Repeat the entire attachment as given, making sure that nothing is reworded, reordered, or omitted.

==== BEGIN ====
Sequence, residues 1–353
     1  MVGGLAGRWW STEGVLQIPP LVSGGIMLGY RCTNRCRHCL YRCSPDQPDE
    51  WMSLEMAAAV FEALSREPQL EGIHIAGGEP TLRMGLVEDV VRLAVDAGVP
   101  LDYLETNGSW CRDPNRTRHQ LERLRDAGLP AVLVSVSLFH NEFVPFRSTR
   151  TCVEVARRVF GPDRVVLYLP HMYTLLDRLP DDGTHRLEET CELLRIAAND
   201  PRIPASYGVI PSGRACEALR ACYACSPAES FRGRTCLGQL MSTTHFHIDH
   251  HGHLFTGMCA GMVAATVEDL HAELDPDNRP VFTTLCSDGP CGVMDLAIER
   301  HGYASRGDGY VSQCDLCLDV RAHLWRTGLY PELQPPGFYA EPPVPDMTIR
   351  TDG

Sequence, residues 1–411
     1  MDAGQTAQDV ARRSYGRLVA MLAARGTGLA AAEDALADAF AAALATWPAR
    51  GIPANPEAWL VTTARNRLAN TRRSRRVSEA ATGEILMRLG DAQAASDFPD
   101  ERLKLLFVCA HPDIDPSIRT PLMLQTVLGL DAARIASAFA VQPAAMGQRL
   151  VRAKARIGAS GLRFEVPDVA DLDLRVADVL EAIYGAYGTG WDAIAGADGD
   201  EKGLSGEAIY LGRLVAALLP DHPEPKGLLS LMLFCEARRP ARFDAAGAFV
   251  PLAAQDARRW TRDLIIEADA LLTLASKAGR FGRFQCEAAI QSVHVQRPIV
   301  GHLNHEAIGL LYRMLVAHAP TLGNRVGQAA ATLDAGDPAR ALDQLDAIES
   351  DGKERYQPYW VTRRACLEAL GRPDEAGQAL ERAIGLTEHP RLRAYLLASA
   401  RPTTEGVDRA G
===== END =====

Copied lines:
Sequence, residues 1–353
     1  MVGGLAGRWW STEGVLQIPP LVSGGIMLGY RCTNRCRHCL YRCSPDQPDE
    51  WMSLEMAAAV FEALSREPQL EGIHIAGGEP TLRMGLVEDV VRLAVDAGVP
   101  LDYLETNGSW CRDPNRTRHQ LERLRDAGLP AVLVSVSLFH NEFVPFRSTR
   151  TCVEVARRVF GPDRVVLYLP HMYTLLDRLP DDGTHRLEET CELLRIAAND
   201  PRIPASYGVI PSGRACEALR ACYACSPAES FRGRTCLGQL MSTTHFHIDH
   251  HGHLFTGMCA GMVAATVEDL HAELDPDNRP VFTTLCSDGP CGVMDLAIER
   301  HGYASRGDGY VSQCDLCLDV RAHLWRTGLY PELQPPGFYA EPPVPDMTIR
   351  TDG

Sequence, residues 1–411
     1  MDAGQTAQDV ARRSYGRLVA MLAARGTGLA AAEDALADAF AAALATWPAR
    51  GIPANPEAWL VTTARNRLAN TRRSRRVSEA ATGEILMRLG DAQAASDFPD
   101  ERLKLLFVCA HPDIDPSIRT PLMLQTVLGL DAARIASAFA VQPAAMGQRL
   151  VRAKARIGAS GLRFEVPDVA DLDLRVADVL EAIYGAYGTG WDAIAGADGD
   201  EKGLSGEAIY LGRLVAALLP DHPEPKGLLS LMLFCEARRP ARFDAAGAFV
   251  PLAAQDARRW TRDLIIEADA LLTLASKAGR FGRFQCEAAI QSVHVQRPIV
   301  GHLNHEAIGL LYRMLVAHAP TLGNRVGQAA ATLDAGDPAR ALDQLDAIES
   351  DGKERYQPYW VTRRACLEAL GRPDEAGQAL ERAIGLTEHP RLRAYLLASA
   401  RPTTEGVDRA G